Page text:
We Asked Health Care Professionals What They Think Of Weed, Man

Users of the health care app Figure 1 said they would encourage patients to try more “traditional” therapies before turning to marijuana.

1. A majority of health care workers such as doctors, nurses, and medical students would prescribe marijuana to patients if they could, according to an online survey conducted by the Figure 1 medical app for BuzzFeed Canada.

Robyn Beck / AFP / Getty Images

A total of 10,143 self-identified health care workers in more than 100 countries completed a voluntary survey about medical marijuana. Nearly 7,000 of those surveyed were in the United States, with 702 coming from Canada, 410 from Australia, and 394 from the United Kingdom.

Figure 1 is a smartphone app used to share and discuss medical cases. It claims a user base of more than one million health care professionals around the world.

2. Overall, 80% of respondents said they would prescribe marijuana to patients if they could. Those in Australia (84%), the U.S. (82%), and Canada (78%) were the most enthusiastic.

We also asked those who said they have prescribed pot to list the medical reason for doing so. Just under 70% said they prescribed it to help patients with pain management.

This aligns with a BuzzFeed survey of Canadian medical marijuana users that found over 40% used the drug for pain management, the most popular response.

3. Even though most heath care professionals surveyed said they would prescribe pot, they don’t view it as a first option when treating patients. Overall, 76% said they expect patients to try a more "traditional" therapy before marijuana.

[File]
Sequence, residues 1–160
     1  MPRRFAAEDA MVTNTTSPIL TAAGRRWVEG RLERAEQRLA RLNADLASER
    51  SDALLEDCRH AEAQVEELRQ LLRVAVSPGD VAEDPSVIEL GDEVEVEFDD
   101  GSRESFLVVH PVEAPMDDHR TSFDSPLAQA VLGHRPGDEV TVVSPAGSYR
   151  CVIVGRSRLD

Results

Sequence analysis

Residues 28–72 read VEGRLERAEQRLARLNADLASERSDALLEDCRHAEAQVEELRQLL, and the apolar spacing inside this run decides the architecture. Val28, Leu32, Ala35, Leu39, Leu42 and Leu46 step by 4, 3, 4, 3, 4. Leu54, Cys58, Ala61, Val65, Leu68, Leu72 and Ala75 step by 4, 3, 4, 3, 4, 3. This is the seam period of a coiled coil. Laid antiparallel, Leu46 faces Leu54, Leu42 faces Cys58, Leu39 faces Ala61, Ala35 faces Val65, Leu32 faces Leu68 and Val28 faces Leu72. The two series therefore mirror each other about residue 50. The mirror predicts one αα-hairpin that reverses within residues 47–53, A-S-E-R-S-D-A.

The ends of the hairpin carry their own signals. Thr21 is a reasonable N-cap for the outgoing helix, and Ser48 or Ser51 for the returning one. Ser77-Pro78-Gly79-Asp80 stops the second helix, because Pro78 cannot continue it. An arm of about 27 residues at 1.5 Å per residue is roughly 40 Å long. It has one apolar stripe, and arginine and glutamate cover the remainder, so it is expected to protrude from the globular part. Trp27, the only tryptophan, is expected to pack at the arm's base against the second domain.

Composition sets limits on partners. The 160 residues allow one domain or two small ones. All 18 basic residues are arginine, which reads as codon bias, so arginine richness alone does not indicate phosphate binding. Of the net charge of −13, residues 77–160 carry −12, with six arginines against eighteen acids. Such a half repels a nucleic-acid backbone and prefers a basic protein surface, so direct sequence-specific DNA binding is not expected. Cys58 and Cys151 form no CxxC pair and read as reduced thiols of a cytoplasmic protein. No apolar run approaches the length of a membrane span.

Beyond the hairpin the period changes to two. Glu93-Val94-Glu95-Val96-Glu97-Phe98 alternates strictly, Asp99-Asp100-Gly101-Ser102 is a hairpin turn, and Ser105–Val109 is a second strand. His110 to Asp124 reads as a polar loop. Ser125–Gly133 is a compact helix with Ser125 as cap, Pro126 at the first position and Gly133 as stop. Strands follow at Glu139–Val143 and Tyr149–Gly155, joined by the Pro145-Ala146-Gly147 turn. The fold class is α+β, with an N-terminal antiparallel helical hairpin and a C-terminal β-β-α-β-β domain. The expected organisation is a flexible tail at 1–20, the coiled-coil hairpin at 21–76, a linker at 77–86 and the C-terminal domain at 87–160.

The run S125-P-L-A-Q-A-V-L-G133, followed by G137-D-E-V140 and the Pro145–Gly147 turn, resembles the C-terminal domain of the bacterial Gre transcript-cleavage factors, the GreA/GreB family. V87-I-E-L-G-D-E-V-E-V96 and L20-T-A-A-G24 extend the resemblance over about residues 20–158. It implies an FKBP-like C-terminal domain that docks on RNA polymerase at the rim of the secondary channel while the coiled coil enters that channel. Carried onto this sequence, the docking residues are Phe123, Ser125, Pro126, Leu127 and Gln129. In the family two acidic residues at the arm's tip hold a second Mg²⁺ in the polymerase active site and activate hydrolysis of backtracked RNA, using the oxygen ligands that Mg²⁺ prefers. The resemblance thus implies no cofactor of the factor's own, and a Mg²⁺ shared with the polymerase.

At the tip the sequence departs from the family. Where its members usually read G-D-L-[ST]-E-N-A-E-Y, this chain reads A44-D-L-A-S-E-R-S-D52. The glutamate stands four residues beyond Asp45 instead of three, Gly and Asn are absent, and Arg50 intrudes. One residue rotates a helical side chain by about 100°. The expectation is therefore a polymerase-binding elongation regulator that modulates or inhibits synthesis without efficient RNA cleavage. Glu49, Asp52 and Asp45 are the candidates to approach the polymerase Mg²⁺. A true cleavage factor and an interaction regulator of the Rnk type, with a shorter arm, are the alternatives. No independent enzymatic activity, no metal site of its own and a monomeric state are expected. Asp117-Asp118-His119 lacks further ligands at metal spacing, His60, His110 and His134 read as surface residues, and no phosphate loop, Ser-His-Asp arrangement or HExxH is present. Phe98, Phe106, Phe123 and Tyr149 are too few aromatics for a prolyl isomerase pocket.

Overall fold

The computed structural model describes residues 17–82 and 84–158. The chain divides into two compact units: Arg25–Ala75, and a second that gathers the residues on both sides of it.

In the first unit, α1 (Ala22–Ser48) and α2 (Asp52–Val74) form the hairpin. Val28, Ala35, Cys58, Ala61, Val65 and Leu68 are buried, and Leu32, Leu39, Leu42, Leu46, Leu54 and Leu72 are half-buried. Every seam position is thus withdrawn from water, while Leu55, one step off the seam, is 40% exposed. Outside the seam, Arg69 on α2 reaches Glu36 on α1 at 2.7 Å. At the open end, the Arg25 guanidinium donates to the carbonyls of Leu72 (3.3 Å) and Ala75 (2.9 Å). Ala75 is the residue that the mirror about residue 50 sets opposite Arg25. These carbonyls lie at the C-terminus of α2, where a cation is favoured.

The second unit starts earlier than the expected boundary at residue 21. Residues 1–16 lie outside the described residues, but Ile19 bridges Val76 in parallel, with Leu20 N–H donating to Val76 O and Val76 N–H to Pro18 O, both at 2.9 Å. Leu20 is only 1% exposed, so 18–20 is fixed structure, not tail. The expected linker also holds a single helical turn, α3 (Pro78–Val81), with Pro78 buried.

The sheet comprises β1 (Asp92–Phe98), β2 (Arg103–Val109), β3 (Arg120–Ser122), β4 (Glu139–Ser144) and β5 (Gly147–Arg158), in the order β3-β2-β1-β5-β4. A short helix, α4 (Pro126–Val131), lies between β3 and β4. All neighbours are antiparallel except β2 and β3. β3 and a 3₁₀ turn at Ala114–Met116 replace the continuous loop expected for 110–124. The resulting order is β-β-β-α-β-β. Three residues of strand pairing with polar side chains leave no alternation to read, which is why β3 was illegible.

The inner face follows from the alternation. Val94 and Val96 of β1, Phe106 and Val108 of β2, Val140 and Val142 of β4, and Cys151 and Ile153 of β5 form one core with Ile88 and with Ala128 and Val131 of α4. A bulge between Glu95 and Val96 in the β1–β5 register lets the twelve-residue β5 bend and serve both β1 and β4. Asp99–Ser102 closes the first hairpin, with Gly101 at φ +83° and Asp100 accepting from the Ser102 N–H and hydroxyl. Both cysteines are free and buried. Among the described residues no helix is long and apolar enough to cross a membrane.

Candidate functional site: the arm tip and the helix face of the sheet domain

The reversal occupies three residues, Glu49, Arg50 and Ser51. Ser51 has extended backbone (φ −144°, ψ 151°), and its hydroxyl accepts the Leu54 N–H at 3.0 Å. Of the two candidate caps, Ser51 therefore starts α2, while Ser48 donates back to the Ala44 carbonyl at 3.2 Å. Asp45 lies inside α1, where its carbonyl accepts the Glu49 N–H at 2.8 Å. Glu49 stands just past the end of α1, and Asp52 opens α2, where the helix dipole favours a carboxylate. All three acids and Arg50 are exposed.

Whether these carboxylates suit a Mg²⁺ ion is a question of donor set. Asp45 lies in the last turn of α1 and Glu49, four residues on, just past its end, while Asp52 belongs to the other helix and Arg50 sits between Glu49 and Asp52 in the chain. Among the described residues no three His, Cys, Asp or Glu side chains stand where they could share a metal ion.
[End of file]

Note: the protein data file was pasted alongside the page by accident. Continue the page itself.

4. Just under 30% of health care professionals surveyed said they would recommend patients take their marijuana by eating or drinking it. That was the most popular method, followed by oil at 21%.

Jack Guez / AFP / Getty Images

“The strong preference for taking marijuana in food, drink or oil form makes sense, given the serious dangers of smoking,” said Dr. Joshua Landy, a critical care specialist and the co-founder of Figure 1.

Twenty-one percent of respondents said they are not yet sure which method is best for patients. This element of uncertainty around medical marijuana isn’t surprising given that 97% said they could not currently prescribe marijuana to their patients.

The final, optional question on the survey asked whether the health care professionals use marijuana themselves. A total of 17% said they use the drug, and more than 10,000 people chose to answer the question.

Russel A. Daniels / The Associated Press

The country with the highest percentage of healthcare professionals who use marijuana? That was Canada, with 25% of respondents saying they use pot.

The survey was conducted in the Figure 1 app and on its website between April 14 and 18, 2016.

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Craig Silverman is a media editor for BuzzFeed News and is based in Toronto.
Contact Craig Silverman at craig.silverman@buzzfeed.com.
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